However, it was also revealed that the Federal Railroad Administration protected taxpayers by including a clause that says future federal funding to California (potentially not just in transportation) may be withheld if the project goes under, further raising the stakes for the project’s success.

NARP issued a release the day before the California project hearing reaffirming our support of California High Speed Rail, and organized support for the project in Rep. Denham’s Twitter townhall using the hashtag #CAHSR.

Surface Transportation Reauthorization Hearing

While the House Committee on Transportation & Infrastructure kick-off to the surface transportation reauthorization was a mostly convivial affair, it briefly devolved into a battle over the role of transit and transportation subsidies when Representative Richard Hanna (R-NY) questioned why taxes on gas and diesel should go to public transit systems.

“People who use mass transit are not all poor. I’ve been in New York City, I’m a New Yorker, and there’s a lot of wealthy people that ride the transit,” said Representative Hanna. “It’s a great way to get around, and as you say, each year 35 million people load themselves. Why doesn’t that lead you to the conclusion that people who take mass transit should not pay something toward that?”

It’s dispiriting that the “roads pay for themselves” blunder should once again rear its head. In fact, the amount of money spent on roads between 1947 and 2005 exceeded the gas tax and other “user fees” by $600 billion (in 2005 dollars). Luckily, one of Hanna’s colleagues provided a compelling counterargument.

“I’ve been so intrigued by these conversations about transit riders subsidizing the transit for what we put into the gas tax for roads because I can think of a number of public goods that we get for having transit in place, not the least of which is taking so many people off the highways so that our trucks and commercial vehicles can travel more safely and more efficiently,” said Representative Donna Edwards (D-MD). “If we’re going to begin to quantify things, I hope we begin to quantify some of those things when it comes to asking whether transit is a net positive or a negative. Frankly sometimes people in my district and my state ask me why…we’re subsidizing roads out in the middle of nowhere, and I say ‘you know it’s because we’re Americans and we make an investment in a national system, and so the folks in the rural areas get their roads and in our metropolitan area, we get our transit.’”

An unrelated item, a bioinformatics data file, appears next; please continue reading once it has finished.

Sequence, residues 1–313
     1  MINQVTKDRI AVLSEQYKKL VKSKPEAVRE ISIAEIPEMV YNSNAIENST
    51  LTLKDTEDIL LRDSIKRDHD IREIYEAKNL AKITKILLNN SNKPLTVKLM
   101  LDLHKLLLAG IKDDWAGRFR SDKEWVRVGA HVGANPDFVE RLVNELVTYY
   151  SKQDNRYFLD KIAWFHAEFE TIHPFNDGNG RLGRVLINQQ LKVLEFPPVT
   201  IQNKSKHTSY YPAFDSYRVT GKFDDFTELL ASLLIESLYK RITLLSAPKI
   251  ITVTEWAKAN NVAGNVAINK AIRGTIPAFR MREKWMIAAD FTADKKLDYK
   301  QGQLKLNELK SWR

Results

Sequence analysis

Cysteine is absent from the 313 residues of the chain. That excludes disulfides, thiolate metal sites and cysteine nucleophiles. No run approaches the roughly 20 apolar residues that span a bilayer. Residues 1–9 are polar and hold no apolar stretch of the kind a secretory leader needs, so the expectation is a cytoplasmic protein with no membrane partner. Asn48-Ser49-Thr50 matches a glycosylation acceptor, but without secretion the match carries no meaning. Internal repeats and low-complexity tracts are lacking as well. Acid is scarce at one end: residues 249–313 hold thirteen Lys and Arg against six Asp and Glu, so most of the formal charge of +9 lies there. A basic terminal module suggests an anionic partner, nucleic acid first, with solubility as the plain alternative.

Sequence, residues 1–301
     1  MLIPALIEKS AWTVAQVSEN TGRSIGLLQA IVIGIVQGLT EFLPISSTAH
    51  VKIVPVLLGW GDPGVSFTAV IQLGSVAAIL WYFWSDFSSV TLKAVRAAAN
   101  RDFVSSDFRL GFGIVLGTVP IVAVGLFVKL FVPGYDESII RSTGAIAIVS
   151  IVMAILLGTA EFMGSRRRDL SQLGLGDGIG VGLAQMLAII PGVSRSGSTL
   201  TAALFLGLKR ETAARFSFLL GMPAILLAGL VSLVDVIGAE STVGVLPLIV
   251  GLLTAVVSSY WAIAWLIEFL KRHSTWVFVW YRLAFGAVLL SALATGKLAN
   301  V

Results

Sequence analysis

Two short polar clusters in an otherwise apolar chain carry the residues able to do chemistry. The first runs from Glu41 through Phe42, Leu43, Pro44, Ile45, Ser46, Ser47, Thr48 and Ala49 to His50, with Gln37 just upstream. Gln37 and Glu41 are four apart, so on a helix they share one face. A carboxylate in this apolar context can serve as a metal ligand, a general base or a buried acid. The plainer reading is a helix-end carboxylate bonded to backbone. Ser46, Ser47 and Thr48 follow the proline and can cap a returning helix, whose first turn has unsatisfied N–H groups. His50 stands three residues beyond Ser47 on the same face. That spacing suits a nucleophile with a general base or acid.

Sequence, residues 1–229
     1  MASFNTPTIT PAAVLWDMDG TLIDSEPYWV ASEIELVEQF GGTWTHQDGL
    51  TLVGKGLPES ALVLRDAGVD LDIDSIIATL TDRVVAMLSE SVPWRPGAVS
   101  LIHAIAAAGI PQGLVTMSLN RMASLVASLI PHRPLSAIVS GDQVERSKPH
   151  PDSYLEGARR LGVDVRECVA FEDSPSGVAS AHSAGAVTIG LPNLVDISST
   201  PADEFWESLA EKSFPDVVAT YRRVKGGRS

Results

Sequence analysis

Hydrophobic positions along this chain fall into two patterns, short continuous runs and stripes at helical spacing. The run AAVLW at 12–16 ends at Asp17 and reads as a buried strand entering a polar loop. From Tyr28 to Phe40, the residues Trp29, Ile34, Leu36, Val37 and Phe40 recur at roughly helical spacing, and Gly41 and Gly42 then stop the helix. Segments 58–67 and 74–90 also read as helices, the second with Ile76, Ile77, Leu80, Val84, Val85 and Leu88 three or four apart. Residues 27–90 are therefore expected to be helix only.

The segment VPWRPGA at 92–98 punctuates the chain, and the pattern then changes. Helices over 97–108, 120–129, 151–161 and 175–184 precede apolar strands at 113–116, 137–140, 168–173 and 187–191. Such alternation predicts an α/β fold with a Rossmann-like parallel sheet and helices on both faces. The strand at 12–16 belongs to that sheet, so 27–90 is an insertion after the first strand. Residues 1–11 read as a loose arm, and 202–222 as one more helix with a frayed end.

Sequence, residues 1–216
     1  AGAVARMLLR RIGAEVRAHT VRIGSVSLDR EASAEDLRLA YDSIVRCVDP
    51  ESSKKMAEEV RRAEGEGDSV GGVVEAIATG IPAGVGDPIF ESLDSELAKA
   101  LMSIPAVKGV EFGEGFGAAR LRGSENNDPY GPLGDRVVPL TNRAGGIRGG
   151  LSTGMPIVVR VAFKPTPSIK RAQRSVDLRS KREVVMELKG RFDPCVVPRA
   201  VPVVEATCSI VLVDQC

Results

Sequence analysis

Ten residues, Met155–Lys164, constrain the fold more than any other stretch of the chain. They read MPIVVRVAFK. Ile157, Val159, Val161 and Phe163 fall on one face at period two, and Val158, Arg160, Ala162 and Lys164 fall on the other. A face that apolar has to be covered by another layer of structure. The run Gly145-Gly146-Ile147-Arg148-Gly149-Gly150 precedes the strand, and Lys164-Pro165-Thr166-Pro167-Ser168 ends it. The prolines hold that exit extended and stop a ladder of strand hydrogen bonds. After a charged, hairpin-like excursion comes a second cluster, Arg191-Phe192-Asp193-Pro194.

The Transportation Research Board

The TRB is where officials, engineers, students, and advocates gather to shape the future of transportation planning. Intercity passenger rail and transit has continued to gain mindshare within the community of transportation officials, with an ever growing body of research demonstrating the necessity of a modally balanced transportation network. The most prominent outgrowth of this trend is to think about how cities and towns can prioritize the movement of people—in cars, on trains, on bikes, and on foot—over the mere movement of automobiles.

One concrete piece of train intelligence to come out of TRB is a Texas Department of Transportation study that demonstrates the strong potential for up to hourly service between Monterrey, Mexico and San Antonio (with some trains continuing to Dallas).